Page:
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The American Journal of Managed Care May 2019
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Beyond Satisfaction Scores: Exploring Emotionally Adverse Patient Experiences
Laura M. Holdsworth, PhD; Dani L. Zionts, MScPH; Karen Marie De Sola-Smith, PhD; Melissa Valentine, PhD; Marcy D. Winget, PhD; and Steven M. Asch, MD
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Beyond Satisfaction Scores: Exploring Emotionally Adverse Patient Experiences

Laura M. Holdsworth, PhD; Dani L. Zionts, MScPH; Karen Marie De Sola-Smith, PhD; Melissa Valentine, PhD; Marcy D. Winget, PhD; and Steven M. Asch, MD
This study explores the causes of emotionally adverse patient experiences in cancer care and presents a taxonomy for analyzing free-text patient data.
RESULTS

We analyzed 20 oncology patient interview transcripts and free-text survey comments collected between December 2014 and April 2016. Comments were written on 2389 (8.3%) of 28,912 completed surveys. Cancer tumor groups of interviewed patients included breast, gynecological, and blood. Twelve interview participants were women, and ages reported by 10 participants ranged between 31 and 76 years (median, 60.5 years). Tumor groups of patients who completed surveys included those of interviewed patients plus gastrointestinal, head and neck, neurological, sarcoma, skin, thoracic, and urological. Demographic information was not collected on survey participants. Although it may be possible that some interview participants completed a survey at some point, surveys and interviews could not be linked due to privacy concerns.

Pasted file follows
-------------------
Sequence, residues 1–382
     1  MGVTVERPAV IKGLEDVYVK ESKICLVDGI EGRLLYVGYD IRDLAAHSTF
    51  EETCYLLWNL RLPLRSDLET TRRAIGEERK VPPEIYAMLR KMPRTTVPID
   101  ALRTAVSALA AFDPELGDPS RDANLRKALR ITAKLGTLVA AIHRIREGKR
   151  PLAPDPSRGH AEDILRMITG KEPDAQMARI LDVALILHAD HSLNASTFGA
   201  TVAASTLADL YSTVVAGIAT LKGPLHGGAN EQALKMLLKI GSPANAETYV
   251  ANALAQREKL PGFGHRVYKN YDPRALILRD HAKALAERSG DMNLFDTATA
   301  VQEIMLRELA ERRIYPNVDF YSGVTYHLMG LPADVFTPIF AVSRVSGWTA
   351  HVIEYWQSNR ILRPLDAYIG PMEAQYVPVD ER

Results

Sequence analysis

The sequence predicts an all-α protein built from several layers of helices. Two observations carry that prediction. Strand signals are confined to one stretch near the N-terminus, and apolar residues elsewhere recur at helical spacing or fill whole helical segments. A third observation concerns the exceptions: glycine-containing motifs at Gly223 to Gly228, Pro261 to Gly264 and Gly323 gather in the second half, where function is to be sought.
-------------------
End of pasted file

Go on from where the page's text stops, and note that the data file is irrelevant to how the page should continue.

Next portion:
Defining and Identifying Extreme Negative Experiences

Emotionally adverse experiences were extremely rare, especially in survey comments, with just 96 (4.0%) comments rated in the extreme. Positive comments were 11 times as common, with 1117 (46.8%) comments coded as happy patients, which was used as a default to categorize comments that lacked substance for content coding. Examples of typical positive survey comments included: “I receive excellent treatments and care here” (A0308) and “We love Dr [X]!” (CM6774). However, these comments were often vague, with little insight as to what actions produced a favorable experience. Patients who had negative experiences typically gave detailed information about what contributed to their negative experience; therefore, we explored this area for targeted quality improvement. Twelve interview participants described at least 1 experience rated as emotionally adverse. The higher frequency of reporting negative experiences in interviews compared with survey comments likely reflects the conversational aspect of interviews, which allows for probing of experiences.

Table 1 shows the index created for affective identifiers of extreme negative feelings. We also identified a range of intensity of negative feelings, from patients suggesting improvements that “would be nice” to a patient wishing for death rather than having to deal with the health system. Our analysis focused on triggers of the extreme end of negativity (–P) related to our definition of emotionally adverse experiences as described in the Methods section. We have included our qualitative readings of the arousal and dominance dimensions of the PAD framework in relation to the affective identifiers. We found that affective identifiers that related to comments that seemed to express low arousal (–A) or submissiveness (–D) were more difficult to judge as adverse experiences than those expressing hostility (+A, +D). Submissiveness appeared in passive statements of problems, words expressing fear or hopelessness, and wishes rather than demands for improvement (ie, suggestions vs complaints). These data felt inherently negative but were less obviously expressive.

Triggers: Causes of Emotionally Adverse Experiences